The Aztec death cult was pitiless. The apparition of Our Lady changed that

Today it is commonplace to criticise imperialism and to defend native peoples from the barbarisms inflicted on them by their European invaders and conquerors. There is much truth in this, but it is not the whole story. I say this having just read the chapter on the Aztecs in the lavishly illustrated collection of art reviews, Exhibitionist, by Richard Dorment, former art critic of the Daily Telegraph for 30 years.

Dorment visited the Royal Academy exhibition on the Aztecs in November 2002, the same month as I did; thus I was interested to read his response. I concur completely with his comment, “If in the Aztec mentality there was any concept of love, tenderness, mercy or pity, it is not reflected in their art. Alone among the world cultures, Aztec art contains no representation of a mother with her child…”

Dorment describes the Aztec culture accurately as “an elaborate cult of death.” He reminds us that the “Aztec religion involved human sacrifice on an unimaginable scale. Their priests ritually offered to the gods the blood and hearts not only of the warriors captured in battle, but of their own people.” In practice, this meant ripping out the beating hearts of thousands of captives on bloodstained altars by fearsome witch-doctors, in regular horrible ceremonies.

However, I take issue with one comment Dorment makes, that “the religion brought to Mexico by the Spanish conquerors…was in its effects even crueller than that practised by the Aztecs”. “The religion” was Christianity. He does not elaborate but I assume he is referring to the violent treatment meted out by the conquistadores towards the native population. Brutal and exploitative it may often have been, but the Christian faith which these invaders brought with them is not remotely comparable to the diabolical death cult of the Aztec religion.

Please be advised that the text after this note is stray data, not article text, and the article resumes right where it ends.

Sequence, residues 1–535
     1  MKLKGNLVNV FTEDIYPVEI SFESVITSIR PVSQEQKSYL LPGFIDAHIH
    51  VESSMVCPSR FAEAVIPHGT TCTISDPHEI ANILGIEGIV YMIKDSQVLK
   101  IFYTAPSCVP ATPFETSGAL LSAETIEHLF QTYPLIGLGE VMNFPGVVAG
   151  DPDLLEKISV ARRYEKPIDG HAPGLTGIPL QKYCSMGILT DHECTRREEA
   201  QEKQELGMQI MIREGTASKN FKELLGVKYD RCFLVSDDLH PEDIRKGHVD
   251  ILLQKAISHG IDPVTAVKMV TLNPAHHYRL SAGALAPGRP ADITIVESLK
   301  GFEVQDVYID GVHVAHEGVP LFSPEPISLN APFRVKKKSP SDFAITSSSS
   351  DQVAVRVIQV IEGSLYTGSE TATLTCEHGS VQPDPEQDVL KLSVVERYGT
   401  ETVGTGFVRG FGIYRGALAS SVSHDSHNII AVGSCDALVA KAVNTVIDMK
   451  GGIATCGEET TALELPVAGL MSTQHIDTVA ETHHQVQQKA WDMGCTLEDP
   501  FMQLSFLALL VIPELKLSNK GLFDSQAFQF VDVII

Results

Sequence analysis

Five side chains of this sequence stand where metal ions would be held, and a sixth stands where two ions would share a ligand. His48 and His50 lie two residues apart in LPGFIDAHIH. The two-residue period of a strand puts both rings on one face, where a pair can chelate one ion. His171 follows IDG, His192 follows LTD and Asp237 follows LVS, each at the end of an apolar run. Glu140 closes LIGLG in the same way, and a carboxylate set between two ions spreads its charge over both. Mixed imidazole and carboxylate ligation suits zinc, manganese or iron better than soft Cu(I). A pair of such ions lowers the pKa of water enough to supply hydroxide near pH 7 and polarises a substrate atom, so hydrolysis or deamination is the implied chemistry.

For a start, Franciscan missionaries accompanied the conquistadors. They worked tirelessly and selflessly to evangelise the indigenous peoples and to bring them those very concepts of “love, tenderness, mercy [and] pity” which Dorment noted was so conspicuously lacking in their own terrifying pagan and polytheistic world.

Cortes and his men arrived in the Aztec empire in November 1519. A mere 12 years later, in December 1531, Our Lady appeared in a vision to an Indian peasant, a baptised Christian by the name of Juan Diego on a hill named Tepeyac outside the city. At a stroke this apparition of the Mother of God, telling Juan Diego that she was his loving mother, brought a new dignity and status to the Aztec people.

Now known as Our Lady of Guadalupe, she has subsequently brought solace and hope to millions of Mexicans across the centuries. Doubtless the conquistadores fell far short of the Christian precept to love their (Indian) neighbours as themselves, but these Aztecs’ newfound faith, which released them from enslavement by their demonic gods, and which gave them a heavenly Mother of tenderness and compassion, brought true transformation to their lives.